In most enterprises today, big, and small, it is not uncommon to have a tech stack comprising 50 or more different technologies across their applications and infrastructure, and this number is likely to increase as companies embrace microservices, multi/hybrid clouds, and containerization.
All these individual components generate logs, and lots of the. These logs serve as invaluable sources of information, providing insights into the health of individual components, transaction details, timestamps, and other critical data. By analyzing these logs, SREs and DevOps engineers can gain a comprehensive understanding of their systems, diagnose issues promptly, and optimize performance. Development teams rely on these logs to understand and address issues before they affect customers and businesses.
Each log entry represents a specific event that happened at a precise moment in time, allowing for accurate tracking and analysis of system behavior. For instance, when a fault occurs, logs enable developers to identify errors and look for related logs, system performance metrics, and application traces and drill down to the exact line of code to troubleshoot.
As more logs get generated, it quickly becomes a “storage” and “search” problem. Although individual logs are tiny –just a few Bytes, the cumulative volume of logs across your stack, multiplied over several days can quickly reach Terabytes or Petabytes. Efficient search and storage mechanisms become crucial for developers and engineers in handling this large log volume.
Log retention, defines how long the logs are stored and in turn determines the total log volume. Factors such as security, regulatory compliances and cost have to be taken into account, to arrive at an optimal log retention period. Striking a balance between cost-effectiveness and fulfilling operational, analytical, and regulatory needs is key to optimizing log storage.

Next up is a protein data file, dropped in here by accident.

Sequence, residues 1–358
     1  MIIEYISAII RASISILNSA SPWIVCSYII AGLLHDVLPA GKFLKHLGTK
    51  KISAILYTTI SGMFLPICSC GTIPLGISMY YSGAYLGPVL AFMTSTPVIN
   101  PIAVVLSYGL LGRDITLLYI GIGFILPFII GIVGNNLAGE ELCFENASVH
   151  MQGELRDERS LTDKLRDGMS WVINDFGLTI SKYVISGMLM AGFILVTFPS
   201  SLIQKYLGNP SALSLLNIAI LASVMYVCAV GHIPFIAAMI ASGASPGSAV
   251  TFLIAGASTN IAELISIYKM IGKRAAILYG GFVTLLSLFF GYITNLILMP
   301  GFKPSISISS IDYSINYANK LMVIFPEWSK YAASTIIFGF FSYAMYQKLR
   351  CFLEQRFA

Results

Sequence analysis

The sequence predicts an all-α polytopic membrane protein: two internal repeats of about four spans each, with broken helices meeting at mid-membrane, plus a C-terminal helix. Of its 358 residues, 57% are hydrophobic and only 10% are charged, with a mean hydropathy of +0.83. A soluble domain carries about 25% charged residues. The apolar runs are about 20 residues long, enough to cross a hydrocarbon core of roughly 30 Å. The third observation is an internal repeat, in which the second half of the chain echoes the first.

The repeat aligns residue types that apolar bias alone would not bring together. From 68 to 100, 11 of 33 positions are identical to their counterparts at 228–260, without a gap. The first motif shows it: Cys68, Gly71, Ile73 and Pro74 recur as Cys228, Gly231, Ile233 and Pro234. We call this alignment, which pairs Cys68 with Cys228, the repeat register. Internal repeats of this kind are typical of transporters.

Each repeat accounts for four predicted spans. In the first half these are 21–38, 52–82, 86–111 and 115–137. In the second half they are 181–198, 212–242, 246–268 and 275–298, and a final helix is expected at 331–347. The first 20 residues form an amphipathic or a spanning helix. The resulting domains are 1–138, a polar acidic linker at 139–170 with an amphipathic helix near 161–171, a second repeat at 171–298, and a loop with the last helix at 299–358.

However, retaining logs for extended periods, spanning months or years, introduces complications. The common approach of compressing and storing logs in cost-effective solutions like AWSGlacier hinders real-time log retrieval and search capabilities. While suitable for auditing, this method limits developers' ability to efficiently analyze and troubleshoot logs in a timely manner.
To overcome these limitations, engineers require a solution that allows quick access to archived logs without sacrificing real-time search functionality. This ensures developers can effectively analyze logs, even in long-term retention scenarios, enabling timely analysis and troubleshooting.
SnappyFlow provides an elegant solution to ingest, store and search large volumes of logs for extended periods of time using what we call the “Secondary Storage” feature. Secondary Storage allows massive streams of logs to be ingested and stored in a cost-efficient manner without losing the ability to easily search logs.
Yes. By default, all logs sent to SnappyFlow are stored in a “Primary Storage”. Think of Primary storage as fast and responsive storage system capable of handling a large volume of searches at lightning-fast speeds. These are typically fast SSD-type storages and are as expected, expensive.